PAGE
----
Feb. 8, 2004
belt law faces challenges
SC Statehouse Report
8, 2004 - - An argument over mandatory seat belt use may come
to a head soon.
Current law requires people in vehicles to wear seat belts.
But the law isn't "primarily enforceable," which
means police can't stop you just for not wearing a seat belt.
They have to have another reason first.
A bill being filibustered in the state Senate would allow
police to stop and ticket a driver for not wearing a seat
belt without any other violation.
For senators with a libertarian streak, that's where the
rub comes. They believe the proposal is another step down
the road of controlling personal freedoms.
"The safety squads of America think they know how people
should live their lives," said Senate President Pro Tem
Glenn McConnell, R-Charleston. "But what's next? Are
we to dictate what food a restaurant can cook? What a person
Proponents of the bill, which passed with a bipartisan 65-41
vote last year in the House, say the measure would give people
an incentive to wear seat belts. And because 70 percent of
South Carolinians already wear seat belts when they drive,
life wouldn't change one iota.
But for the 30 percent who don't wear seat belts, a primary
enforcement law that allows police to issue $25 tickets will
give people an incentive to buckle up, said Sen. Brad Hutto,
"It's the knowledge that they could be pulled over that
will alter their habits," he said.
And that, he added, would save lives. Pointing to an inch-thick
book of statistics, Hutto said making the seat belt law tougher
could save the lives of about 100 children a year. Additionally,
it would boost seat belt usage to about 85 percent of the
population - - just like currently happens in Georgia and
North Carolina, which have similar laws.
South Carolina now has the nation's third highest number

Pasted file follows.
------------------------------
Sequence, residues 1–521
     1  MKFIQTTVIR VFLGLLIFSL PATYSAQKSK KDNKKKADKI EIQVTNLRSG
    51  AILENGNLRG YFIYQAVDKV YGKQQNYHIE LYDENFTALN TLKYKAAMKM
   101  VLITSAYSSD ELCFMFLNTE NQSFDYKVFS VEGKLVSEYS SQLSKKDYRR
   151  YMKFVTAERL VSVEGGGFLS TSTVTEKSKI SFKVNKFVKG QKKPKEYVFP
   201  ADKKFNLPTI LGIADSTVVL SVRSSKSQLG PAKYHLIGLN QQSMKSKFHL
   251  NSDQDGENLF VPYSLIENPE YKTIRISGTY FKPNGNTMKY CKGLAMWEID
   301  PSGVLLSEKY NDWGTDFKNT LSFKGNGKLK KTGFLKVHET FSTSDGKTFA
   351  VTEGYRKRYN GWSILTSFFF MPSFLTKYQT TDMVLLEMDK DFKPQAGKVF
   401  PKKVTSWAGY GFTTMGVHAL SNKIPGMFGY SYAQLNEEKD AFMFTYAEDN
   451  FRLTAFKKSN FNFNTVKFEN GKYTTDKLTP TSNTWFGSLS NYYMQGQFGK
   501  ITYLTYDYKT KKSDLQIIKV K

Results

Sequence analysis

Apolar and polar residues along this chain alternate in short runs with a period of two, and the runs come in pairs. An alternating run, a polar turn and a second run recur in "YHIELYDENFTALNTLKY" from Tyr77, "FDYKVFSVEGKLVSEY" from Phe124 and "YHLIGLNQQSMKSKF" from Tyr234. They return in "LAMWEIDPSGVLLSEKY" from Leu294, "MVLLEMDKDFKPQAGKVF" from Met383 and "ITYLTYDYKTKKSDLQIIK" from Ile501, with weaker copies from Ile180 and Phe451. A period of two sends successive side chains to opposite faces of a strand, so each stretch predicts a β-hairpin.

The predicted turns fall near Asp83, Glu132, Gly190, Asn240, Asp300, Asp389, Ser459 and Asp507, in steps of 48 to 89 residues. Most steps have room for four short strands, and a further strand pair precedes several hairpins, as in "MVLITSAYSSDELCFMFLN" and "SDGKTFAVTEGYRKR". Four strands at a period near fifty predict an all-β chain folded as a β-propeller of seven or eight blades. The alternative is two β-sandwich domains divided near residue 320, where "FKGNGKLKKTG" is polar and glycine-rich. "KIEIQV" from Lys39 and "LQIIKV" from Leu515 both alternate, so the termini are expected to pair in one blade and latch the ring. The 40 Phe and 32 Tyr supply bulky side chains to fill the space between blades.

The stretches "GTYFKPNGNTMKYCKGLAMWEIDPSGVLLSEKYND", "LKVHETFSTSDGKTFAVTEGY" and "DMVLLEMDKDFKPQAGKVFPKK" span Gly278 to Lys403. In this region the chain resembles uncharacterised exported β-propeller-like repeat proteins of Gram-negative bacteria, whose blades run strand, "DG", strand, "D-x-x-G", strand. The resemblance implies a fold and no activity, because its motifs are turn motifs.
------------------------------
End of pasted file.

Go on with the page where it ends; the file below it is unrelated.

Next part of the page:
of deaths per 100 million miles, according to the SC Department
of Transportation. Hutto believes the highway fatality rate
would drop significantly with a new seat belt law.
He also said a primary seat belt law also would reduce injuries
at wrecks, which, in turn, would lower health care costs.
In the long run, that would help lower insurance rates and
hospital costs, both of which would benefit families and businesses.
But McConnell and colleagues worry that giving police the
power to stop a vehicle for a seat belt violation will lead
to violations of civil liberties. They worry about a provision
in the new law that doesn't require records of stops to be
kept. They worry about some rural officers abusing the new
tool as a way to stop people to check to see if anything else
was going on. And they worry about it being used as a cover
for racial profiling.
Hutto says the bill's opponents are trying to confuse the
issue with such arguments.
"If an officer really wants to stop somebody, he'll
follow them until he finds them going 56 in a 55 or for failure
to slow down" in a curve, he said. "What you're
almost saying is you don't trust our officers to be fair.
Hutto said the new law wouldn't lead to a surge in seat belt
tickets being used as cash cows for small communities.
"Law enforcement officers have a lot more important
things to do. If they're going to make a killing on something,
they're going to set up a speed trap."
At a time when many are rushing to support new legislation
to require motels to have sprinklers after six died in a Greenville
hotel fire this month, Hutto says they could make a far bigger
difference in supporting the seat belt legislation. Why? Because
highway fatalities from lack of seat belt use are a far greater
tragedy that is preventable.
"It's the one single simple thing we could do to reduce
highway deaths," he said.
Look for the Senate to deal with the bill in the coming week.
Natural weight loss
This week's cartoon by our Bill McLemore:
2/8: Minibottles can be viewed in different
To the editor:
The mini-bottle issue has several viewpoints,
including the quality and quantity of drinks served in public
places. In addition to pouring spouts which are supposed to
dispense one ounce, there are bar machines in existence that
hold large bottles of alcoholic beverages (quarts and liters).
The bartender or whoever has the key can program these machines
to dispense a specific amount, e.g. one ounce or 3/4s of an
ounce during "happy hours". Of course the same 3/4s
of an ounce can also be served at ounce prices later in the
day and night and thus the customer can be cheated. You can
never be sure unless you stop to measure, which is hard to
do when you order a mixed drink. As to quality, a customer
can order a single malt Scotch (most expensive) and wind up
with a multiple malt (of a lesser quality) unless he is a
real Scotch taster, which most of us are not.
Restaurants with bar facilities have gotten away from opening
the mini-bottle at the customers table (as is required by
law, I believe). We should insist on that for quantity and
-- Francis X. Archibald, Hanahan, S.C.
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